Perched on a mountain crest in scenic north Georgia, Jerry and Marilyn Weisenseel's new summer home offered solitude along with the cool nights of the Blue Ridge Mountains. The perfect escape from Florida's hot, humid summers.
When a consulting job led them to Denmark for six months, the Weisenseels decided to rent out their little bit of heaven. Having leased their beach-front condominium for several years, they felt comfortable when approached by a local real-estate agent.
"We were promised handsome rents if we would be willing to rent short term," says Mr. Weisenseel. "By renting the house for holiday weekends and one-week stays we could earn all of our monthly expenses in just one week."
For casual landlords trying to cover the expenses of a second home, renting may seem like a good idea. A May report by the National Association of Realtors indicated a record 377,000 second homes were bought by Americans in 1999, up more than 9 percent from the previous report, in 1997.
About half were for at least part-time rental, says an NAR spokesman.
But the cost of renting out such a home may be too great in terms of physical damage and emotional wear and tear.
Unless they employ caretakers, rental-property owners who live any distance from their holdings can have a hard time learning about such problems as water damage, break-ins, or fallen limbs.
They can also have trouble policing short-term tenants.
Returning from abroad, the Weisenseels heard neighbors recount stories of strange chanting coming from their house on several weekends. They found their dream house in shambles. The wood floors were gouged, the furniture moved all over the house. Candles placed in the open beams had dripped down the paneled walls.
"Because these were short-term rentals, there was no prescreening of tenants, no leases or security deposits. The real-estate agent set up the rentals and collected the rent, but was not responsible for damage done by these short-term renters," says Mr. Weisenseel.
Still, this experience did not deter the Weisenseels from investing in rental properties. It did, however, lead them to take a different tack.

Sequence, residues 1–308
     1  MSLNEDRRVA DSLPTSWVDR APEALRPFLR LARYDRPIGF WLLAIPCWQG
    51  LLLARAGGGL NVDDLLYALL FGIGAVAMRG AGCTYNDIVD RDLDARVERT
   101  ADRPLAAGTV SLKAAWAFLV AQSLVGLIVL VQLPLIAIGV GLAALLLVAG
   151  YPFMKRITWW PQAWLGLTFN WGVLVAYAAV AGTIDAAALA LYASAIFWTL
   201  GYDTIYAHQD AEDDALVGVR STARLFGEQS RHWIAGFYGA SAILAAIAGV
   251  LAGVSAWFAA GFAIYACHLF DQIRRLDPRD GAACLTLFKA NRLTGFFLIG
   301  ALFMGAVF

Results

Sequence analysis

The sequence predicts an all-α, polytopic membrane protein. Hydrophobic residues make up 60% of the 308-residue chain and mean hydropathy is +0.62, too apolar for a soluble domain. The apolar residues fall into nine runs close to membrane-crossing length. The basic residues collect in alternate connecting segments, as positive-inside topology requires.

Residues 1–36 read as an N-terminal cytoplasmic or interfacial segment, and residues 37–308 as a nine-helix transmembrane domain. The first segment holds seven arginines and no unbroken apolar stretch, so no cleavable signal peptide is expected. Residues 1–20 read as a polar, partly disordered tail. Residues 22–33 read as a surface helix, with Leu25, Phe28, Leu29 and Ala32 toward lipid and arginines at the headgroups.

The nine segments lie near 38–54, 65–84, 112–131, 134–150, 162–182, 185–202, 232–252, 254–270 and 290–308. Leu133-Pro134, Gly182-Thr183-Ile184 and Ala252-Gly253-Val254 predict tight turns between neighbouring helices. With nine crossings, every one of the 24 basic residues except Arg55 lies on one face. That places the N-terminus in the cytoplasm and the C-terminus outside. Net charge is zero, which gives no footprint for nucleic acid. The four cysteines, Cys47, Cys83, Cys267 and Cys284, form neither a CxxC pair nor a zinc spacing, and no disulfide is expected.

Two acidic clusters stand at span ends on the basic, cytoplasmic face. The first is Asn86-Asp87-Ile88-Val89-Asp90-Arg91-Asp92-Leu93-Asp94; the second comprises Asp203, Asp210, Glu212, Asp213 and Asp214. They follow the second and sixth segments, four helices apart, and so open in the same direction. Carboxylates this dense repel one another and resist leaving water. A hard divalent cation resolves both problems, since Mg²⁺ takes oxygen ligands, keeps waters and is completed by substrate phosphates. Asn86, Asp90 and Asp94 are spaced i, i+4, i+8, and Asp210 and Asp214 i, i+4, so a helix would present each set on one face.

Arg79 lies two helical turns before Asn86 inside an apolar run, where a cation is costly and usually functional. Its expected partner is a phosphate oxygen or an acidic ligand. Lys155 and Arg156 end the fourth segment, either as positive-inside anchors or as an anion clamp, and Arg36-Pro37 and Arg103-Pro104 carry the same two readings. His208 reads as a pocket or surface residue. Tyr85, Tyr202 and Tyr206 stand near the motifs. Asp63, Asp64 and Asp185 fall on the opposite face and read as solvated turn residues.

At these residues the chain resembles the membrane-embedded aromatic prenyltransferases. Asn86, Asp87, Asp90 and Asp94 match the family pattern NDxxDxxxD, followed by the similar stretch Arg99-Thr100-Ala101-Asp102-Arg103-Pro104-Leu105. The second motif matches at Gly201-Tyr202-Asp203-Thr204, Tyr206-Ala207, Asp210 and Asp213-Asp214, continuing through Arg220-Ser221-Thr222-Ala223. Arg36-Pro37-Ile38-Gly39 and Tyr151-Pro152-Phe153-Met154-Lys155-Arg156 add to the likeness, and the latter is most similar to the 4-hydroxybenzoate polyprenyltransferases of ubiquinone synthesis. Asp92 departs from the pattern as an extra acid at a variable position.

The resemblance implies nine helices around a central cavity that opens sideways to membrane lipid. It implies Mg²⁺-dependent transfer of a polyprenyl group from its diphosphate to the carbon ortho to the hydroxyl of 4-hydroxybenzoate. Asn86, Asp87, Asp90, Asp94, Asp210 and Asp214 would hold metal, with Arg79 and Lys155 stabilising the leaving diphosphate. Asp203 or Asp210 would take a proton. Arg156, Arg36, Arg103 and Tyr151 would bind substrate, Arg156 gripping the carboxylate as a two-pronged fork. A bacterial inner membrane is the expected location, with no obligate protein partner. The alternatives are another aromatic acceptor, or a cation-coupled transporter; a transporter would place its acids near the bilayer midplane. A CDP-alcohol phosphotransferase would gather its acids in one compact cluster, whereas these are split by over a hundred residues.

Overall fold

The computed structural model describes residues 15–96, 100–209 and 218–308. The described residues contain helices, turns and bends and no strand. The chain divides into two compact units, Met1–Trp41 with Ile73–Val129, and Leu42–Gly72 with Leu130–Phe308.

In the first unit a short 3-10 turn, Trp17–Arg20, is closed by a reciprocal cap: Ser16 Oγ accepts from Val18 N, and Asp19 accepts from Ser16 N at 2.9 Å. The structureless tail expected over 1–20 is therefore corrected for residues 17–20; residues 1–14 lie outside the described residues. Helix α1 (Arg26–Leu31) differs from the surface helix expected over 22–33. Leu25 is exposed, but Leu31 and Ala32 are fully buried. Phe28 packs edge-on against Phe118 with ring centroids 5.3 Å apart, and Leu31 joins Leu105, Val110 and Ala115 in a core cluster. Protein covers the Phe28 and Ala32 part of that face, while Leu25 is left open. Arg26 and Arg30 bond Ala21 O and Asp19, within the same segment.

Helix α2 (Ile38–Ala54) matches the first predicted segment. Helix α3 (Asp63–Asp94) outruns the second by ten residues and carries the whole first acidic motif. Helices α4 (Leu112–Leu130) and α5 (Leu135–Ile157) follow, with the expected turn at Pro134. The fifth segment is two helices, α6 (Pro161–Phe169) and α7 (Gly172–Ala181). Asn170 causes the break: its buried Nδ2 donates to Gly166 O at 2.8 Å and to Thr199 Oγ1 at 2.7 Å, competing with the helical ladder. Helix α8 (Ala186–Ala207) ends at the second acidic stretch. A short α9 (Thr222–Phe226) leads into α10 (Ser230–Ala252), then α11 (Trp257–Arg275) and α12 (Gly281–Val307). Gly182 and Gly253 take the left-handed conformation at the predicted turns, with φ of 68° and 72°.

When their accountant recommended real estate as a way to diversify their investment portfolio, they went shopping for small rentals. After looking at several properties, they settled on a modest duplex and fourplex to get them started.
"So far, so good. Our son-in-law helps manage the property and I keep the books," says Mrs. Weisenseel.
During the first half of the past century, before the Internet and Silicon Valley, real estate created more millionaires than any other industry. In some business analysts' eyes, the risk associated with rental property remains less than that of sailing the uncharted waters of electronic commerce. And it has the capacity to recover from slumps. Consider Donald Trump.
For those looking to establish future income - especially to those ready to put in some "sweat equity" - income property is becoming more popular. If you are handy, buying "fixer uppers" can be a way to build your fortune with rental houses.
Rick Santuri of Melbourne, Fla., has purchased run-down houses for rental properties and for "flipping." That is, fixing up the properties and selling them.
"Buy, fix it up, and sell it quickly," says Mr. Santuri. "The best time to make money on a property is when you buy it. Find a good real-estate agent who can find you the best deals. And then that realtor can help you sell the property."
Santuri also suggests banks and savings and loans are a good source of fixer uppers. "Many foreclosed properties are distressed and the banks just want to dump them. Look at what comparable properties are selling for in the neighborhood. You have to buy considerably below those prices if you are going to make money on the resale."
As with any investment, you must get a fair return on your investment. The more money you borrow, the greater your return on investment must be in order to repay the loan.
When banks look at loans for investment properties, they look to the ability of the property to repay the loan. They look at the cash flow and net income the property will produce.
Cash flow is the amount of money the property will generate. Net income is the amount of money left after all expenses are paid. Expenses include repairs and maintenance of the property, legal fees, accounting fees, taxes, insurance, and management.
The bank will want to see net income equal to about 120 percent of the monthly mortgage payment.
If the property is already rented, they will look at the actual rents. If not, they will look to the appraiser to indicate market rents. Appraisers evaluate income property by comparing the rents at similar nearby properties.
These rents are adjusted for factors relating to the size of the rental units, the overall condition, and convenience to transportation, schools, and shopping.
Being a landlord is not for everyone. Beyond the rental income comes the problems associated with dealing with tenants and property maintenance.
"I held 10 or 11 of the properties I rehabbed for rentals," says Santuri. "It got to be too stressful. I eventually sold all the properties."
(c) Copyright 2000. The Christian Science Publishing Society